There is significant road remediation currently being undertaken in Barbados, when completed it is expected traffic congestion will ease on the highways and byways of Barbados. Add activity associated with celebrating Independence Day (Barbados National Day) and Christmas Day rapidly approaching, it explains the organized chaos on the roads every hour of the day.

If national productivity is defined as gross domestic product (GDP) per hour worked i.e. the use of labour inputs better than just output per employee (www.oecd.org) one does not have to be Joseph Stiglitz to conclude there is a big national problem to be solved. Former Prime Minister Freundel Stuart once described the inconvenience caused by the poor state of local roads as a ‘transitory inconvenience’. Another one of those quotes that rival former Attorney General Maurice King’s ‘no gangs’ in Barbados. Ordinary people were thought at high school an efficient transportation system is an integral component to a performing economy.

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Hope for the best, plan for the worst

Submitted by Steven Kaszab

The Scout motto is “BE PREPARED”. That means a Scout is to be in a state of readiness in mind and body to do their duty. Simple but so very profound indeed. A fictional character created by Lee Child also has a message of importance that we all need to hear today. That is simply “Hope for the best, but plan for the worst”.  Wisdom offered to us by bright minds.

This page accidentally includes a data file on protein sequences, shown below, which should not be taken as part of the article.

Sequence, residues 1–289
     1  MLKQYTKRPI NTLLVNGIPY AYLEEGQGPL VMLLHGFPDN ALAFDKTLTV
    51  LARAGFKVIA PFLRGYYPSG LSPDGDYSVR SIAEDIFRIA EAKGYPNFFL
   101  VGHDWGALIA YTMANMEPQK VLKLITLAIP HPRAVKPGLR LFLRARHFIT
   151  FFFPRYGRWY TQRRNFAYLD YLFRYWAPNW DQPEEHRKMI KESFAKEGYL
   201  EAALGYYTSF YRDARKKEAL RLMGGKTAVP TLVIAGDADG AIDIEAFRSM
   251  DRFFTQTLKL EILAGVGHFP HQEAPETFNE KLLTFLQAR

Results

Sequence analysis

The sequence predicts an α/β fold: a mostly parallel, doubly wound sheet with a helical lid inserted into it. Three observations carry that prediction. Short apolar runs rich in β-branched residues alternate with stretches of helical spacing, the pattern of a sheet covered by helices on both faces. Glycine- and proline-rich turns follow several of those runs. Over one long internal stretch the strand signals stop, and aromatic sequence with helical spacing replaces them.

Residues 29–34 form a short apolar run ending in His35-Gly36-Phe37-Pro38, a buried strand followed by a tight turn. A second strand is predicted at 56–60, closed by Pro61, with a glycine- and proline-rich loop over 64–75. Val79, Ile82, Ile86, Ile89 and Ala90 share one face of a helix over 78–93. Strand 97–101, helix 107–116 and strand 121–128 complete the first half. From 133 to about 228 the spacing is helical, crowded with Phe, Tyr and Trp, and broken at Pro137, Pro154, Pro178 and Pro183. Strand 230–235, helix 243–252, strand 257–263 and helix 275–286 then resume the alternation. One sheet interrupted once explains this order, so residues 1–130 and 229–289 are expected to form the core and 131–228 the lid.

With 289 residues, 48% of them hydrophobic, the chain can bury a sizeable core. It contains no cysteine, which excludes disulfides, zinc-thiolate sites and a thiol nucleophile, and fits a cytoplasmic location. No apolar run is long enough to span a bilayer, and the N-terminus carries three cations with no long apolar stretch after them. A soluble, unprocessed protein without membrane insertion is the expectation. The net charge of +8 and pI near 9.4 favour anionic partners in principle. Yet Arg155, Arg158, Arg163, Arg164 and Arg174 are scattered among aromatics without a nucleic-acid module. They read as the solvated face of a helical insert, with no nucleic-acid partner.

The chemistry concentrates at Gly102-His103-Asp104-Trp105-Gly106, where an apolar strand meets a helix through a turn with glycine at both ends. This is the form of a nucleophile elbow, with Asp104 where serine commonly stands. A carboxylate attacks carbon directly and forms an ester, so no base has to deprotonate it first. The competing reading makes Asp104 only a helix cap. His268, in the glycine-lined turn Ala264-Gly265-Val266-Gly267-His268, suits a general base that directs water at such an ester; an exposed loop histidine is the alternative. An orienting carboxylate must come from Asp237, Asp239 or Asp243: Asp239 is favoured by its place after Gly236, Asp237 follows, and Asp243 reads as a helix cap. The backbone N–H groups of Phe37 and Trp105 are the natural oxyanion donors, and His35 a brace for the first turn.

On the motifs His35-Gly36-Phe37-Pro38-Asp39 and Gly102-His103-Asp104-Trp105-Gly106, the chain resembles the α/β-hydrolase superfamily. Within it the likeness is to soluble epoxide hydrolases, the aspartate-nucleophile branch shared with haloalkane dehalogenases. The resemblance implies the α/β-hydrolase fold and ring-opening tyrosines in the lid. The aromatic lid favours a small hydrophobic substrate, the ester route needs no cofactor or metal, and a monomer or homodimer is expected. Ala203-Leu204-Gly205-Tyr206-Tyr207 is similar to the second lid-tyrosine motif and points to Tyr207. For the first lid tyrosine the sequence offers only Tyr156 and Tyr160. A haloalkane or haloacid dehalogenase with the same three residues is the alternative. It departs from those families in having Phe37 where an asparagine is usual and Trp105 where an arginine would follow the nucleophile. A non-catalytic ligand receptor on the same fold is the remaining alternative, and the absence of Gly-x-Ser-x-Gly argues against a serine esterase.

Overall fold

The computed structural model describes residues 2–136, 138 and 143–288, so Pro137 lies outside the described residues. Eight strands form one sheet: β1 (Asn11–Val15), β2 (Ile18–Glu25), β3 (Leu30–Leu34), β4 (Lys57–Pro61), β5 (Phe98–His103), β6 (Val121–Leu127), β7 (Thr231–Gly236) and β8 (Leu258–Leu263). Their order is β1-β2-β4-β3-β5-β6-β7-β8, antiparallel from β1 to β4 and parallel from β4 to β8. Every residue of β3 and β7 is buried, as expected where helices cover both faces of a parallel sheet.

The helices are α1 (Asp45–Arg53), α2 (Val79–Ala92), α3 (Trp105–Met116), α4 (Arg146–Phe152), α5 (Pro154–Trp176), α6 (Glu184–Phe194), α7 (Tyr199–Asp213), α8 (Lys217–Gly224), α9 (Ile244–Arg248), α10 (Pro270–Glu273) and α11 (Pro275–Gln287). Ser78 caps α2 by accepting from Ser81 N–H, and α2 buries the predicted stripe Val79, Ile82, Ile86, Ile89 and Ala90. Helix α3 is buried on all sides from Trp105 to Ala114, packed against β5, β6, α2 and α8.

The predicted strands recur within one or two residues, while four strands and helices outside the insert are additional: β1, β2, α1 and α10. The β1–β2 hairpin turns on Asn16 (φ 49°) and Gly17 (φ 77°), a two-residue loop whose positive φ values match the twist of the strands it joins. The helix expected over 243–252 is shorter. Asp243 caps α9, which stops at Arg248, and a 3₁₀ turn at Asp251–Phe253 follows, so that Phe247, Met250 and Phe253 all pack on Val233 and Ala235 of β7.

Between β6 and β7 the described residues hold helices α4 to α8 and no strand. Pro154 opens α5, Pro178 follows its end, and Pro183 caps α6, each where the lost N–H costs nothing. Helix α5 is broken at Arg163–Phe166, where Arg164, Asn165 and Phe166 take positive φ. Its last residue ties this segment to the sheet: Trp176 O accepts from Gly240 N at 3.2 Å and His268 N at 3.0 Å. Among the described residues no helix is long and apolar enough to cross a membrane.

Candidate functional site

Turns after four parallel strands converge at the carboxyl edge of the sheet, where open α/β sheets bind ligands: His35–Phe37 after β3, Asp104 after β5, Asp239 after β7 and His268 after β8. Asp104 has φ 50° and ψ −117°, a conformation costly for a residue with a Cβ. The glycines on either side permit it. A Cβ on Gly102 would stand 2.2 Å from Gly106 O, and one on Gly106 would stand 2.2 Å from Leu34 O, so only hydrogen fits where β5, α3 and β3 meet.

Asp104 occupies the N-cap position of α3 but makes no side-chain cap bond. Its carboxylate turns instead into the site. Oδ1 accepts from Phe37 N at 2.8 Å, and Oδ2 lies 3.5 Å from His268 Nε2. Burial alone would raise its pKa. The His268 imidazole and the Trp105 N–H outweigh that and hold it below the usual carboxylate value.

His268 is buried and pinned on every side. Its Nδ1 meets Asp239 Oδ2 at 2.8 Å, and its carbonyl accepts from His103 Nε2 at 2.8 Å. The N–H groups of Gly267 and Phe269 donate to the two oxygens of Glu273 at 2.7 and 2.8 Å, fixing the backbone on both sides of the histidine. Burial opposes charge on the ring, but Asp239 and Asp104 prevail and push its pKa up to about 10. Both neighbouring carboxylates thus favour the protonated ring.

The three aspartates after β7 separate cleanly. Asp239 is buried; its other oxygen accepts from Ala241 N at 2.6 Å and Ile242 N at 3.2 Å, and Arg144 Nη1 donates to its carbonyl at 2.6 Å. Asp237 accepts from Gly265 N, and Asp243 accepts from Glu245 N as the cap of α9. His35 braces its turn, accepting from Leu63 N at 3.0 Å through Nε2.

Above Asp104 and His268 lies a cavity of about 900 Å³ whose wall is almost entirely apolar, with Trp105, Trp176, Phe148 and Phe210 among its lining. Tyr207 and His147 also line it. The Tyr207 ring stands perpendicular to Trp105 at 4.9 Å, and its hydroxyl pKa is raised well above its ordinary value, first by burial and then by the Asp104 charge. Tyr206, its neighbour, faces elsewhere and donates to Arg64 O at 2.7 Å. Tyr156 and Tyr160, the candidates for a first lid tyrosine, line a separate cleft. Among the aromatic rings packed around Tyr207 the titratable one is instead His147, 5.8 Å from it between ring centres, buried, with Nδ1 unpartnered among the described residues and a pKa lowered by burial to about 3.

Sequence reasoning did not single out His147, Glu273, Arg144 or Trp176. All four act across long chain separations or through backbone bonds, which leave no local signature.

If we apply these two gifts of advice to politics, whether in the past, present or future, and we look at how our elected officials have performed, we can see none of them have been Scouts, Girl Guides or readers of the author Lee Child.

For example, let’s look at how they responded to the pandemic shall we? Warnings of such a pandemic have been historically recorded for many decades. Proof was in the pudding in fact. There was talk of a mass death event caused by influenza like illnesses over a hundred years ago. It is not like these politicians did not have historical examples to base their preparation upon. The Spanish Death killed over a hundred million globally. Historical fact. Influenza itself kills millions across the globe annually. America, Russia, China and other military establishments have been experimenting upon making such illnesses into weapons for decades. What did our elected officials do? Not much. 

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LGBTQ Killings – what it portends

The Blogmaster does NOT support hate speech or hate crime and abhors bigotry and prejudice wherever and whenever it shows. However, there is the obligation by democratic societies to protect the right of citizens to practice freedom of speech. How societies evolve to be inclusive will have to be managed sensibly by today’s leaders. There is no room for the usual rhetoric.

Addressing hate speech does not mean limiting or prohibiting freedom of speech. It means keeping hate speech from escalating into something more dangerous, particularly incitement to discrimination, hostility and violence, which is prohibited under international law.

— United Nations Secretary-General António Guterres, May 2019